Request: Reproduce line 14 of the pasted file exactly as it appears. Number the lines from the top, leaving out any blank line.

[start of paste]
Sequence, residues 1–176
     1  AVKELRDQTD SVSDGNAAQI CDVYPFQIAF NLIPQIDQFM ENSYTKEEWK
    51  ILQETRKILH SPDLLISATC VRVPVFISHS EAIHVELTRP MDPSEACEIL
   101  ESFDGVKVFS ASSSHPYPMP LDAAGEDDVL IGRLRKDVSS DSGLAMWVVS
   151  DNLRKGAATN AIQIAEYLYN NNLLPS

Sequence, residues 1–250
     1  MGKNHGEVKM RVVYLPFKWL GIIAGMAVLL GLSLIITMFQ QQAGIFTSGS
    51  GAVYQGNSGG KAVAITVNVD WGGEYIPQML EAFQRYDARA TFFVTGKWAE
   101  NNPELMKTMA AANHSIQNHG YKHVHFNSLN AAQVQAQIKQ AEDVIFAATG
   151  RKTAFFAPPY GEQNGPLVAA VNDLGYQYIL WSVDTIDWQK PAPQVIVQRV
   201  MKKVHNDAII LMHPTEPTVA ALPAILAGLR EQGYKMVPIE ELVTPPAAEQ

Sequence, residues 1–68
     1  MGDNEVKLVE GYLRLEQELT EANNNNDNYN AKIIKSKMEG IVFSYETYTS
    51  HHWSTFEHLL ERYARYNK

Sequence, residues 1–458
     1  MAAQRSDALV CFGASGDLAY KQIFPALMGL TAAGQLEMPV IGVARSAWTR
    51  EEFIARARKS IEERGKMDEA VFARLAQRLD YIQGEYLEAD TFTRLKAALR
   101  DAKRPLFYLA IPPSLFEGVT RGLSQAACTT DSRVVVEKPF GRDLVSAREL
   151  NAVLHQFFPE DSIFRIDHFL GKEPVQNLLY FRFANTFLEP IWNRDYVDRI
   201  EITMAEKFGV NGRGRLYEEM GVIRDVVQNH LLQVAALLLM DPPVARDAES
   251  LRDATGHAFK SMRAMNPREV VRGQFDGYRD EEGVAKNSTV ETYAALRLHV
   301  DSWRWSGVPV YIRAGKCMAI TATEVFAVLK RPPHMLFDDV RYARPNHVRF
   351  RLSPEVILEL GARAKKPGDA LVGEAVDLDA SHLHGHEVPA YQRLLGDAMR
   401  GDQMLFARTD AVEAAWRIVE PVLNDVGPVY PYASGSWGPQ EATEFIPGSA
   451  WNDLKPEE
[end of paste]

    51  HHWSTFEHLL ERYARYNK